What should we do?
The main piece of advice our InsideJapan parents could offer in this department is not to try to pack too much in – take your time, go slowly, and don’t expect to keep up the pace you would if you weren’t with kids! Of course, it depends on the age of your little one – but what we’ve found is that the thing they enjoy most is having lots of attention from Mum and Dad, so in actual fact it doesn’t matter a huge amount what you do.
Ordinary sightseeing and everyday activities like riding the train or visiting a garden provide excitement enough without the need to worry about packing in specifically “child-friendly” activities – although there are plenty of adventure playgrounds, aquariums, theme parks and activities available for those who do want to fit them in.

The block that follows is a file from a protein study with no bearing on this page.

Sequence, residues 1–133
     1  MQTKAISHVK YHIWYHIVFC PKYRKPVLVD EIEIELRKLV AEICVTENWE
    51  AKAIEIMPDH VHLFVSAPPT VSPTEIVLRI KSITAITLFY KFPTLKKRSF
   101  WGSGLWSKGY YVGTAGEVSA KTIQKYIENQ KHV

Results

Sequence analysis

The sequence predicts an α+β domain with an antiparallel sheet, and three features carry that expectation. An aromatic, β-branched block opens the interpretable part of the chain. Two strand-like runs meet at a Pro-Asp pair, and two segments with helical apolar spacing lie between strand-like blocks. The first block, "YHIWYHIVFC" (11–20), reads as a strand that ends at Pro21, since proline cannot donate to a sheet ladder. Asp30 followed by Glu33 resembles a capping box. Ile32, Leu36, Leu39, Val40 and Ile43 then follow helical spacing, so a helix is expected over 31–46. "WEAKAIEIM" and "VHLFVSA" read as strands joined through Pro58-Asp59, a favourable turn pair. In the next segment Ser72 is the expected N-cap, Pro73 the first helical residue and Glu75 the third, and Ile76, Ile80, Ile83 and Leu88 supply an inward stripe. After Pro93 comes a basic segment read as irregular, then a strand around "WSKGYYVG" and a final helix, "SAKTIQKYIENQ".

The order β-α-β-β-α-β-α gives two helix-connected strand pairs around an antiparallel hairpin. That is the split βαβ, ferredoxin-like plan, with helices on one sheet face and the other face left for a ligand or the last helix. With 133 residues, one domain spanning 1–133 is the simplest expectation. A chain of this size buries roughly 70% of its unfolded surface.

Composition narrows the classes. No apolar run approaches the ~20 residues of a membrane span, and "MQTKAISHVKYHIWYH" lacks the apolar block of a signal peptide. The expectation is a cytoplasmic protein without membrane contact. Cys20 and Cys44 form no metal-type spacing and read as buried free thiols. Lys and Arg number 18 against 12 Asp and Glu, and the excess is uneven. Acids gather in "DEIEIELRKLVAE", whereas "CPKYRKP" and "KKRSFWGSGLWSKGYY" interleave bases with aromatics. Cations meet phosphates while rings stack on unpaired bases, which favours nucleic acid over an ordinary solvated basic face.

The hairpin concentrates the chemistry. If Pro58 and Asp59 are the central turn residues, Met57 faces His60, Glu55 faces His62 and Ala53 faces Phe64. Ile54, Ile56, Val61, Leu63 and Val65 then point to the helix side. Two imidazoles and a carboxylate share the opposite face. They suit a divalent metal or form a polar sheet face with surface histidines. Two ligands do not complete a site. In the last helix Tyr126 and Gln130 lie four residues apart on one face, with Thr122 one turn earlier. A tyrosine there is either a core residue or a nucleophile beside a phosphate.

Interacting with other people can also be one of the most enjoyable aspects of bringing your sprog to Japan, and you may well find that your baby is treated as something of a minor celebrity during your trip!
What about accommodation?
Japan is very well geared-up for family travel, with a great variety of family-orientated accommodation options, from self-catered apartments to family rooms in hotels and traditional inns. Do be aware that you will need to pre-book cots or family rooms before you travel.
Some useful Japanese for travelling with a baby:
・my child / baby is x months / x years old
私の子供は x ヶ月/ x 才です
(Watashi no kodomo wa x kagetsu/ x sai desu?
・child chair / baby chair (e.g. at a restaurant) / do you have a baby chair?